So, after eight years of being investigated for steroids use, Barry Bonds, the would-be home run king, was sentenced last Friday to 30 days of home confinement.
More than $50 million of taxpayer money was spent on the case and Bonds was found guilty of one count of obstruction of justice. Somehow he escaped the perjury charges that would have sent him to prison.
Instead, he has to stay in his $10 million, six-bedroom home in Beverly Hills for a month.
And get this: he is probably going to appeal the conviction.
Bonds has a compelling reason to appeal. He thinks it will increase his chances of being voted into the Baseball Hall of Fame when he becomes eligible in 2013.
I got news for Mr. Bonds. The Baseball Writers of America, whose ballots decide who makes it to Cooperstown, will vote a resounding 'no' -- as they have already done the past six years with Bonds' steroids pal Mark McGwire.
The sign on the HOF door is emphatic: No Users of Performance Enhancing Drugs Allowed In.
With 762 homers, Bonds may still be listed as the career home run king in Bud Selig's world, but in my book, Hank Aaron's 755 is tops. And my sense is that most baseball writers will refuse to vote for Bonds, Roger Clemens or any other tainted player. No matter what verdicts are handed down in court.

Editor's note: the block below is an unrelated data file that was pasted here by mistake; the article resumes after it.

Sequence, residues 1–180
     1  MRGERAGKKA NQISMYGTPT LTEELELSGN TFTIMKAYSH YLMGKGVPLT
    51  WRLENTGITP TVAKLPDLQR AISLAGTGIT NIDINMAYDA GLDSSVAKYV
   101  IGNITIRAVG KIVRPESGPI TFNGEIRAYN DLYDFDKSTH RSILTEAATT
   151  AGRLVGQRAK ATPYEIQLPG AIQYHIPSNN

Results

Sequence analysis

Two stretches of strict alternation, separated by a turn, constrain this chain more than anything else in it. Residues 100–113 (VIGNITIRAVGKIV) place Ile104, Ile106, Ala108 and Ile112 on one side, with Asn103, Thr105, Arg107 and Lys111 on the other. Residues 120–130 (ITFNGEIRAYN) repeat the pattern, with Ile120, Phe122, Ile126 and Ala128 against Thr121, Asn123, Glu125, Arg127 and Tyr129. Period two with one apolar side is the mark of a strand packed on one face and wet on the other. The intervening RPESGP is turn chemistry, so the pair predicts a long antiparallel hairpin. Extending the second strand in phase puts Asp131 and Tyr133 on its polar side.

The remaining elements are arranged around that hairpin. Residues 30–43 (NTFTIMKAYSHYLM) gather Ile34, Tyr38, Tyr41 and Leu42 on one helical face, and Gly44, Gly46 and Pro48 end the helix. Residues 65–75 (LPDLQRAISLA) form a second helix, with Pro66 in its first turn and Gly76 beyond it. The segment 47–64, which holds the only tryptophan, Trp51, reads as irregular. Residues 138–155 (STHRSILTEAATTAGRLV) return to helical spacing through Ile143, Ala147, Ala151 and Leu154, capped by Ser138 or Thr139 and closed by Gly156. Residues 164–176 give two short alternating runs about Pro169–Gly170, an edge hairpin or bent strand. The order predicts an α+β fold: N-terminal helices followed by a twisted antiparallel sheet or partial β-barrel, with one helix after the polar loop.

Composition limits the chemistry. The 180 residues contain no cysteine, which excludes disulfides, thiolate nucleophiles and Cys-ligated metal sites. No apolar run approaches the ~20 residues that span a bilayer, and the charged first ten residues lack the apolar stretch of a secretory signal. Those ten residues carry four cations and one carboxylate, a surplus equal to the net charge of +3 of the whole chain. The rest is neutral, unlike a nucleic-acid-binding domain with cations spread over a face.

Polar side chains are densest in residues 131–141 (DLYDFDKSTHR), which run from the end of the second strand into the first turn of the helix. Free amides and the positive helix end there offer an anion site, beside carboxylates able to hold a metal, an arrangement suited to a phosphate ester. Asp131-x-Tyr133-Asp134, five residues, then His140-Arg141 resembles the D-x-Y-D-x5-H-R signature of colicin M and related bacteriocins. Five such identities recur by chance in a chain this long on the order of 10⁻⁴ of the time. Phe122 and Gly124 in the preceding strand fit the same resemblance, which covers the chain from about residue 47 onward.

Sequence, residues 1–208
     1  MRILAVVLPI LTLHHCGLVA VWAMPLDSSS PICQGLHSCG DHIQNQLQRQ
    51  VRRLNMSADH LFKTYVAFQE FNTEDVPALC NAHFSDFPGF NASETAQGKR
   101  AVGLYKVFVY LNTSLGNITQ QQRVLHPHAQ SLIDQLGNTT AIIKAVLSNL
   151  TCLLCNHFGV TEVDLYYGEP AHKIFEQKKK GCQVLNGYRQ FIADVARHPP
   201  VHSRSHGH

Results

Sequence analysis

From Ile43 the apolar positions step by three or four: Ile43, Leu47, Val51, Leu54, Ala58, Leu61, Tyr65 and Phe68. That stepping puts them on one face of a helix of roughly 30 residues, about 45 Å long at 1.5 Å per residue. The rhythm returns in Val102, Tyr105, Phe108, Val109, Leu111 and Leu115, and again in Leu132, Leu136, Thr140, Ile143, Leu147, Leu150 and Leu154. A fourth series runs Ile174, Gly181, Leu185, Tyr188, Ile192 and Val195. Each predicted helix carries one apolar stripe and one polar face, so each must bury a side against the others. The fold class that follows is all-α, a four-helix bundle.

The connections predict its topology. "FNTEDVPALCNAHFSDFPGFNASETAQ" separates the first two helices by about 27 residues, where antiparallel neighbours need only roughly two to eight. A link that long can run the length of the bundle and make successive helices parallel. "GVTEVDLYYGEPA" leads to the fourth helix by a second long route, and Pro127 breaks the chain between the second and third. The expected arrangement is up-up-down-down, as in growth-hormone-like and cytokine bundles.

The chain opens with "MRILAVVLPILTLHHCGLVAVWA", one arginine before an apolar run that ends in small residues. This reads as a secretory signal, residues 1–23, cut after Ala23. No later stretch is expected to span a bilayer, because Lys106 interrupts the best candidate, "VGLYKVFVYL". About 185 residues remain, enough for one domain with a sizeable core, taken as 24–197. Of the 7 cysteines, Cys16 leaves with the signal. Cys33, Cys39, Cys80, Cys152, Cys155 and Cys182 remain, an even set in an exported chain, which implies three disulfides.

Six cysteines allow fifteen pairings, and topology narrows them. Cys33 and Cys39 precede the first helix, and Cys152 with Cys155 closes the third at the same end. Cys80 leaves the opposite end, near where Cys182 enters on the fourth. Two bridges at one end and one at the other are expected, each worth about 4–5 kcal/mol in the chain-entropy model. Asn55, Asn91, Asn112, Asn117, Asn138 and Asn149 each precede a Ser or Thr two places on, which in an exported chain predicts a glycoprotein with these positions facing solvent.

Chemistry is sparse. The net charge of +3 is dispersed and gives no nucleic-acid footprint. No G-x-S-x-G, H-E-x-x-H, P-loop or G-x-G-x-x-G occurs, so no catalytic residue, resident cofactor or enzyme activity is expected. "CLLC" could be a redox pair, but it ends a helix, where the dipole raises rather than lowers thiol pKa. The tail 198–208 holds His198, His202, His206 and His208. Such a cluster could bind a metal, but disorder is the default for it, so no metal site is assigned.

It is interesting that this year's Hall of Fame ballot has one of the weakest crops of first timers ever. Bernie Williams, who played for the New York Yankees in the late 1990s and early 2000s, is probably the top candidate. But he is given little chance to get enough votes.
Two holdovers who have the best chance are shortstop Barry Larkin and pitcher Jack Morris. It takes 75 percent of the vote to make it. Larkin got 62 percent last year and Morris 53.
Beginning next year, a wave of players with outstanding records will join the ballot along with Bonds and Clemens. The list includes Craig Biggio (3,000 hits), and catching great Mike Piazza in 2013; Greg Maddux, Tom Glavine and Frank Thomas in 2014.
The best news regarding this year's Hall of Fame induction ceremony on July 22 is that beloved Chicago Cubs third baseman Ron Santo will be honored posthumously.
Santo, after failing to be elected during his 15 years on the Baseball Writers ballot, was selected on a 94 percent vote by the Golden Era committee two weeks ago.
The shame is that the honor didn't come until a year after he died at age 70.